Beijing urges ‘caution’ after US says it could intervene in South China Sea
Chinese government claims the disputed islands are its ‘irrefutable’ sovereign territory
Chinese warships taking part in a drill in the South China Sea earlier this year. China has angered its neighbours by its aggressive claims to the maritime region, through which €4.75 trillion in trade is shipped every year. Photograph: Getty Images
Tensions over the South China Sea could be set to escalate after Beijing urged the US to act “cautiously” in its approach to disputed islands which China claims as its “irrefutable” sovereign territory.
“The United States is not a party to the South China Sea dispute,” Chinese foreign ministry spokeswoman Hua Chunying warned at a regular news briefing. “We urge the United States to respect the facts, speak and act cautiously to avoid harming the peace and stability of the South China Sea,” Ms Hua said.
In recent years, China has angered its neighbours, including Malaysia, Brunei, the Philippines, Vietnam and self-ruled Taiwan, by its aggressive claims to territories in the maritime region, through which €4.75 trillion in trade is shipped every year.
“No matter what changes happen in other countries, what they say or what they want to do, China’s resolve to protect its sovereignty and maritime rights in the South China Sea will not change,” Ms Hua continued.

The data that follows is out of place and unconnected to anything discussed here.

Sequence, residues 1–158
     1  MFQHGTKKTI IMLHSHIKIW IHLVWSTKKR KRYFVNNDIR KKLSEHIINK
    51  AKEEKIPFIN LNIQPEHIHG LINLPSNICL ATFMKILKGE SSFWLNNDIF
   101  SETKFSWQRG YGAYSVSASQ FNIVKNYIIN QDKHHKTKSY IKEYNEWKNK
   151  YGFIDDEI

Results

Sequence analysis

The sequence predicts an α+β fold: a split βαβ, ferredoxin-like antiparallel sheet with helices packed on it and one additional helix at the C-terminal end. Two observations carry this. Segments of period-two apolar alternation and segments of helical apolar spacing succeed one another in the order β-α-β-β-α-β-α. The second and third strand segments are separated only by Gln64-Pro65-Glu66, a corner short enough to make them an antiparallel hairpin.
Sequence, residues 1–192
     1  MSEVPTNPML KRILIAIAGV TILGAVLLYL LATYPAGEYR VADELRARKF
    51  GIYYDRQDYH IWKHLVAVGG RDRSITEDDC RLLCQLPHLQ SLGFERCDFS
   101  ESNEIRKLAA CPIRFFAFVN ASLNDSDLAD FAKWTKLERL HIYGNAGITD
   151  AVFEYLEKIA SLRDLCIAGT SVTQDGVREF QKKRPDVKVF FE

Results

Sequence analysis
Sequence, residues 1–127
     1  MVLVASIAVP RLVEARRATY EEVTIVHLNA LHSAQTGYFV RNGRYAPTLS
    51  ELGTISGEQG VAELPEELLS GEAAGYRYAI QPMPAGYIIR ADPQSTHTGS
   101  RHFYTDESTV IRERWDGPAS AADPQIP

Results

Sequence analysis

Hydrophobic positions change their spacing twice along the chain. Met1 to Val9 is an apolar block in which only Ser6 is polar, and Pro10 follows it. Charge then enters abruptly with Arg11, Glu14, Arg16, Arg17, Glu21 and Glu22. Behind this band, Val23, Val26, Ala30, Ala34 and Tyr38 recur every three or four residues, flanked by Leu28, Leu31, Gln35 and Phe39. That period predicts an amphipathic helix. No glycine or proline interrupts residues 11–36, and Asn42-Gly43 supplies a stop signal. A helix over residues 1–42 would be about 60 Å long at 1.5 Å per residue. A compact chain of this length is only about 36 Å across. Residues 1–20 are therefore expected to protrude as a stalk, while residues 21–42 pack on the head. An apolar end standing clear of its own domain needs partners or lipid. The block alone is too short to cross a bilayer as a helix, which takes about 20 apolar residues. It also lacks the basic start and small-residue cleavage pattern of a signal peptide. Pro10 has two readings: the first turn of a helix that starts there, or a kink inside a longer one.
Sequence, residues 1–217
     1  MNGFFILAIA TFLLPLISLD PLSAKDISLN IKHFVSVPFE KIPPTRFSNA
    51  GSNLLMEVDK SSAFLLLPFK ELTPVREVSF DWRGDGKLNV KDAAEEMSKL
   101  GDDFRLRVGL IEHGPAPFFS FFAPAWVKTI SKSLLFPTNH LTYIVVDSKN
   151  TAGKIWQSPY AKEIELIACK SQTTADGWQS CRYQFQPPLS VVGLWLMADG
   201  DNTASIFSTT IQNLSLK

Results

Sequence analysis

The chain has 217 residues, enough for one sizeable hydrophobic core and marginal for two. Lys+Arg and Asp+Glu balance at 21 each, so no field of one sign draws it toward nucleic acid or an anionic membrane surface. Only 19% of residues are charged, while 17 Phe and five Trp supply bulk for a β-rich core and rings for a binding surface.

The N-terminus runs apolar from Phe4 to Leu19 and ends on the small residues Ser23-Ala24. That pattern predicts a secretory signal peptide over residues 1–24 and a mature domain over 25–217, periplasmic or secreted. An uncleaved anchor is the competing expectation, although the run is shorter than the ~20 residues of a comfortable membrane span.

Outspoken commentsWhite HouseSean Spicer
“It’s a question of if those islands are in fact in international waters and not part of China proper, then yeah, we’re going to make sure that we defend international territories from being taken over by one country,” he said.
While Ms Hua’s comments are in line with established Chinese policy on the strategic waterway, they are also a reminder of Beijing’s growing tetchiness with Donald Trump. China has already been angered by Washington’s growing closeness with Taiwan, which it considers one of its provinces, to be taken back by force if necessary.
Mr Trump’s nominee as secretary of state, Rex Tillerson, had suggested during his confirmation hearing that China would “not be allowed” to access the territories in the South China Sea, prompting angry calls in the state-controlled media for Beijing to go to war over the island, but a more measured official response.
An international tribunal in The Hague has rejected Beijing’s claims as without foundation after an application from the Philippines, although Philippine president Rodrigo Duterte has signalled a willingness to negotiate with China and distanced himself from the US, a long-time ally.
Mr Spicer’s comments, and those of Mr Tillerson, suggest that the US might be ready to intervene militarily in the region, which would almost certainly lead to confrontation with China, a rising military power in the region.
An editorial in the China Daily newspaper said: “If there is to be “war” in the South China Sea it will be because of actions by the US military.”
Separately, China reacted positively to Mr Trump’s withdrawal from the Trans-Pacific Partnership (TPP), in which it wasn’t included and which it saw as a strategy to curtail China’s growing influence in the region.
While the US becomes more protectionist and inward-looking, China’s president Xi Jinping has emerged as a champion of globalisation and last week spoke of at the World Economic Forum in Davos of how global trade and reduced trade barriers had benefited the world’s second largest economy.